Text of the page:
OLD TOWN, Fla. - A sturgeon jumped out of a river and hit a woman riding a personal watercraft causing severe injuries, the latest accident involving the flying fish along the Suwannee River, officials said.

Sharon Touchton, 50, of St. Petersburg, suffered a ruptured spleen and had three fingers reattached by surgeons, but she lost her left pinkie finger and a tooth.

She had been camping March 31 with a group of personal watercraft enthusiasts near the town of Suwannee in north Florida, said Karen Parker with the Florida Fish and Wildlife Conservation Commission. The group went for a ride and Touchton was traveling 25 to 30 mph before the accident.

Touchton's husband was the first to come up behind her after the accident and found her floating face-down in the water. No one else saw the collision, so it was initially unclear what had happened.

"I thought she was dead," said Nick Touchton, her husband. He remembers dragging her out of the water. She wasn't breathing and he could see that she had bitten through her tongue and it was swelling, choking her.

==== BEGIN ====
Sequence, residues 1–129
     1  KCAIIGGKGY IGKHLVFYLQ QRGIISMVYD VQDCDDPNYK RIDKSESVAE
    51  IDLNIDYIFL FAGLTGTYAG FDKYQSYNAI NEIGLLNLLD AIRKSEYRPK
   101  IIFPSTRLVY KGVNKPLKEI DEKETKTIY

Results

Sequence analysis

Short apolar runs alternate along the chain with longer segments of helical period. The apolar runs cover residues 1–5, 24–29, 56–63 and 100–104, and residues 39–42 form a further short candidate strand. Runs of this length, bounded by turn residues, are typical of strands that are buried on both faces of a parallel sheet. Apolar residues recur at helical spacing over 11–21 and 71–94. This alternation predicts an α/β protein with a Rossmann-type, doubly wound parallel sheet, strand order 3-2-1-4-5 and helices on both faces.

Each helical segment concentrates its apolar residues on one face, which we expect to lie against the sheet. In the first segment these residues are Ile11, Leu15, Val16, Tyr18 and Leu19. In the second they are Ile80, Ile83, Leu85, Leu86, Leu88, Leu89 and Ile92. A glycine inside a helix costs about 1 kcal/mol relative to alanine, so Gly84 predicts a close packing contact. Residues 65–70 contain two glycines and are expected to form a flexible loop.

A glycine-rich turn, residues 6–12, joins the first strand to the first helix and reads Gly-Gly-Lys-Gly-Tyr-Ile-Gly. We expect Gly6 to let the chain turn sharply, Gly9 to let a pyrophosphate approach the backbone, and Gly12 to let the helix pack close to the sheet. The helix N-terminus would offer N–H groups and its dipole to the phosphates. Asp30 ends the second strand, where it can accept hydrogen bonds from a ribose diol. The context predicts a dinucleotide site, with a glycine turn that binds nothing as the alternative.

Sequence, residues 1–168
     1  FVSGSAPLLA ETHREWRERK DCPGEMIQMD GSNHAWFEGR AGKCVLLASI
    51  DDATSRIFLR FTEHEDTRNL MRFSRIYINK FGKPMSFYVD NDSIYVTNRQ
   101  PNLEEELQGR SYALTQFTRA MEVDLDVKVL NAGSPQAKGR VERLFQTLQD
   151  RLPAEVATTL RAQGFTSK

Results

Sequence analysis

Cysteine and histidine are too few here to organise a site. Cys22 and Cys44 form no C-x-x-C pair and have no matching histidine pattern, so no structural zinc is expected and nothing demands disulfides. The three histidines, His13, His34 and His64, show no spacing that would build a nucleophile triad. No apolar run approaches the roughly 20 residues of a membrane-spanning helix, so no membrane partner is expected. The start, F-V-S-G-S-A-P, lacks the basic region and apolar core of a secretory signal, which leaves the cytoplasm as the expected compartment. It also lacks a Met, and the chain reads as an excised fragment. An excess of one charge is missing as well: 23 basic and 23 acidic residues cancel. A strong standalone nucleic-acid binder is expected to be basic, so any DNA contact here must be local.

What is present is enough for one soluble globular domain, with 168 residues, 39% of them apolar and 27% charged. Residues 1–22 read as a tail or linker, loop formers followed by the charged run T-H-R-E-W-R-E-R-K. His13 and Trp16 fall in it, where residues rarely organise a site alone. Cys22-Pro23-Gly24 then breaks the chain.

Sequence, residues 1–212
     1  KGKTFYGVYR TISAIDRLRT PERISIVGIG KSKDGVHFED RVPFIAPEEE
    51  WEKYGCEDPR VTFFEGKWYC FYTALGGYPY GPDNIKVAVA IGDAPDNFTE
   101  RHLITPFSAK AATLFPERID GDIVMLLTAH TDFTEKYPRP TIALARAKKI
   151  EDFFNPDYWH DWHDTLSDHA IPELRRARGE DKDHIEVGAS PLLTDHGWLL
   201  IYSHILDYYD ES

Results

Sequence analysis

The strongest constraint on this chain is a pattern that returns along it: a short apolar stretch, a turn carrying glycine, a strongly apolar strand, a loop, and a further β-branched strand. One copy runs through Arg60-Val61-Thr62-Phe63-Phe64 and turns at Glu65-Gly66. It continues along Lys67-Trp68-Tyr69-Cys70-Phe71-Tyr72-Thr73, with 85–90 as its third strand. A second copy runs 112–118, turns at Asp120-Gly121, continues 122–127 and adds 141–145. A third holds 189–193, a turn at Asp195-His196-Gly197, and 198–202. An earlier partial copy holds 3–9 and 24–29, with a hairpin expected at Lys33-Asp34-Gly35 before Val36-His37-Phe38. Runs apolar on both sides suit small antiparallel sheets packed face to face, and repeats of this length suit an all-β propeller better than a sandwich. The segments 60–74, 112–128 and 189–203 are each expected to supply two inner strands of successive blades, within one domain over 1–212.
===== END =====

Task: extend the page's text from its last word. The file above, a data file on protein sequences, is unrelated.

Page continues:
Her fingers had been sheared off by the sharp edge of the sturgeon's bony plate. They were hanging by a strip of flesh.

She was taken by helicopter to Shands at the University of Florida in Gainesville, where surgeons did their best to mend her injuries.

Parker said once Touchton was able to talk to investigators, she simply said something about a "big fish."

Parker said problems with sturgeon — which are large, prehistoric-looking fish with hard plates along their backs that can grow up to 8 feet long and up to 200 pounds — came to a head last year when 10 people were injured in accidents caused by the jumping fish.

Parker said the Gulf sturgeon migrate into the Suwannee River in March to spawn, and remain in the river until the fall. Researchers are not sure why the large fish jump.

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